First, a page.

Thursday, 16 April 2015
FOUND - A Platform for Reinvention
I found these Spring green platforms at one of the Retro shops around the corner from Notting Hill tube station. This cluster of 2nd-hand stores offers to buy and sell your used clothing, accessories and small housewares. One of the bunch is packed to the rafters with pre-owned luxury clothing, 'It' bags and designer shoes but even this unflappable hunter finds its cramped confines an unpleasant experience. I prefer to pop a few doors down to the Retro shops that sell more vintage, less high-end and bit of high-street. That's where I spotted these beauties.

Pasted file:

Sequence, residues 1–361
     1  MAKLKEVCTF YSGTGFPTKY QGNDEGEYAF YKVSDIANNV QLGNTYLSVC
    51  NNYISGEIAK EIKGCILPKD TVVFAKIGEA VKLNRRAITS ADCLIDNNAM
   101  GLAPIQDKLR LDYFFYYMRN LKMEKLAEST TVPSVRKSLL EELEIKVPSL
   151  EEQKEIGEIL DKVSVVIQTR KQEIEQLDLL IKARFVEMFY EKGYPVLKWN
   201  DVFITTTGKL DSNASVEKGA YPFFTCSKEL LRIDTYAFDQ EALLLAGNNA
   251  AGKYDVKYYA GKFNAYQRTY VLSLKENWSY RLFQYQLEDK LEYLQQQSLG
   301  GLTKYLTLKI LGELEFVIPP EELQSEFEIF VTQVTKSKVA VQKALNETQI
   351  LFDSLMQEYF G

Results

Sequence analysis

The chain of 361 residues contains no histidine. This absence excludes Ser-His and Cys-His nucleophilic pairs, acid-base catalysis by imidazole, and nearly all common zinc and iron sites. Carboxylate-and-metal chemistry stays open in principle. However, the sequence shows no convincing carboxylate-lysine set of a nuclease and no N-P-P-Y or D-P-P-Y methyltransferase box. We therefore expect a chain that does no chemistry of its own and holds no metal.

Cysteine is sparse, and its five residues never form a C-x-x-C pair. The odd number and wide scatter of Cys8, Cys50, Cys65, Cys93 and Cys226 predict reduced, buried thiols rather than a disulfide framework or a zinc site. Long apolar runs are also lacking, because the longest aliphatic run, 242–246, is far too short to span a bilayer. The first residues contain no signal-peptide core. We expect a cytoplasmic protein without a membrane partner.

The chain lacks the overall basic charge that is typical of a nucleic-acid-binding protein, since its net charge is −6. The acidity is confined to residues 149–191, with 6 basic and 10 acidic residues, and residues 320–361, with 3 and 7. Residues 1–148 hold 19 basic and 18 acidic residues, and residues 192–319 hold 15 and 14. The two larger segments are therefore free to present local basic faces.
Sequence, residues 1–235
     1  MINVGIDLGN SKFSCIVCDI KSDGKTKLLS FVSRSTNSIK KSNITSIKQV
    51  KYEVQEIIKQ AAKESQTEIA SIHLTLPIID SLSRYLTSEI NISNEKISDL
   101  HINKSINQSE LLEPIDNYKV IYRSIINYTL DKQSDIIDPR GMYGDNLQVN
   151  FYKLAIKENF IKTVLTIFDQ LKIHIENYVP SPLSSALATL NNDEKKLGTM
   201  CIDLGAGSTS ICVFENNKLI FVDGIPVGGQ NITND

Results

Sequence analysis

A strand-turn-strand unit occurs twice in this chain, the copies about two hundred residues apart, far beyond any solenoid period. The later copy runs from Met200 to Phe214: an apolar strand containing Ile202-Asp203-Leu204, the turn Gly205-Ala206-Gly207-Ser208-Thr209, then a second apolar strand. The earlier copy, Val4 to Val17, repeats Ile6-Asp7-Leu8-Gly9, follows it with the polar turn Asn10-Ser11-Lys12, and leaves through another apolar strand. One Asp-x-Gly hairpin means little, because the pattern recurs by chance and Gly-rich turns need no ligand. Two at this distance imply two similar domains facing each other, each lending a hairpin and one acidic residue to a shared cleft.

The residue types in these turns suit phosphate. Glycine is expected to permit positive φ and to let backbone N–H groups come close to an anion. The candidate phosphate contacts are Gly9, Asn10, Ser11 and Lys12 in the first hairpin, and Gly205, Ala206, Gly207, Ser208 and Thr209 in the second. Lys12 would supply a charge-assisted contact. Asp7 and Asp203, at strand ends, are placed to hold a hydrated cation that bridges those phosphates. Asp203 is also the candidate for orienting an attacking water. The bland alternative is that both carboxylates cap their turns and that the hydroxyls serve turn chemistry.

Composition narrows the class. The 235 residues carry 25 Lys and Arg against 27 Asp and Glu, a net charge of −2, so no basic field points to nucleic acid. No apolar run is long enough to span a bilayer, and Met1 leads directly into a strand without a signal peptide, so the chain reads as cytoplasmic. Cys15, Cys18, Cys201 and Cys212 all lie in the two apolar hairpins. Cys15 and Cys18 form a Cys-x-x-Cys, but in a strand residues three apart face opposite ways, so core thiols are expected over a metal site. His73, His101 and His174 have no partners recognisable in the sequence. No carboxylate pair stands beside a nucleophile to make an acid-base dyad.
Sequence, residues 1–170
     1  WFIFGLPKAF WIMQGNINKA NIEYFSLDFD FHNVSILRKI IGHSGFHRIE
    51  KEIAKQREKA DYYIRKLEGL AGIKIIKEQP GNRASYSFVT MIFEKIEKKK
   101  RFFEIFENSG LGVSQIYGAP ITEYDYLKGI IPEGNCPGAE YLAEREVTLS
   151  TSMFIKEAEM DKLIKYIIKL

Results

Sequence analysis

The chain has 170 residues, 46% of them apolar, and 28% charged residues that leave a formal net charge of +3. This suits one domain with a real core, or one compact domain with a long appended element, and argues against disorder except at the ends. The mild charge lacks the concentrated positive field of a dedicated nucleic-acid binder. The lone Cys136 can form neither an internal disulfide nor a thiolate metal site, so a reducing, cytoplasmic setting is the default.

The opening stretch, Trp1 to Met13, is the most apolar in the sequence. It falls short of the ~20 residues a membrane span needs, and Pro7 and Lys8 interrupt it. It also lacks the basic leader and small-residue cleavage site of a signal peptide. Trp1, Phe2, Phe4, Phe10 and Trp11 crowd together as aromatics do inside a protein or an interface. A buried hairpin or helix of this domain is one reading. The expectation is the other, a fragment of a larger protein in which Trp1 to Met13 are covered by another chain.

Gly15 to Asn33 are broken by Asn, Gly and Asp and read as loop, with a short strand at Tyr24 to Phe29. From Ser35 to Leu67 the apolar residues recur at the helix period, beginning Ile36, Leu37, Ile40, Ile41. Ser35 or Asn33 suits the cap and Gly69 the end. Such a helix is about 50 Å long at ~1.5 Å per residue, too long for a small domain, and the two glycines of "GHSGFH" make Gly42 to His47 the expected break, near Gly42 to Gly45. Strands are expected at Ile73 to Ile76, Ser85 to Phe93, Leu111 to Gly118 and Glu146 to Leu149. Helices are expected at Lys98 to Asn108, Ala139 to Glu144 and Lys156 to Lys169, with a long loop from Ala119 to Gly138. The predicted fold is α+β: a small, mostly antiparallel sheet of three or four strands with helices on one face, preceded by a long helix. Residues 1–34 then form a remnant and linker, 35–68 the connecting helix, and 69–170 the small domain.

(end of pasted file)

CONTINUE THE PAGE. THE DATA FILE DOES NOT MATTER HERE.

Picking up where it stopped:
Platforms can be traced back to 16th century Venice when women wore shoes - of a fashion - called chopines. They elevated ladies to as much as 30 inches off the ground and servants were required to keep the wearer upright. Not surprisingly chopines, often jewel encrusted, were a symbol of wealth and status. But it was the 20th century that saw three major revivals of platform shoes. In the 1930s a wedge platform made of cork became a popular seaside shoe. Later, in the 40s, platforms were made of wood, a practical solution to the war-time shortage of leather. Platforms would fall out of favor until the 1970s, when these green goddesses were made. After the modern, forward-looking designs of the 1960s, the 70s went nostalgic, resurrecting the chunky chopine-esque shoe of the past. The 70s - often maligned but NOW back in vogue - was actually the first era to significantly appropriate from previous decades. Today the reinterpretation of classics is commonplace, but it was the groovy 70s that used retrospection to recreate. My 70s does the 40s clod-hoppers were just £30.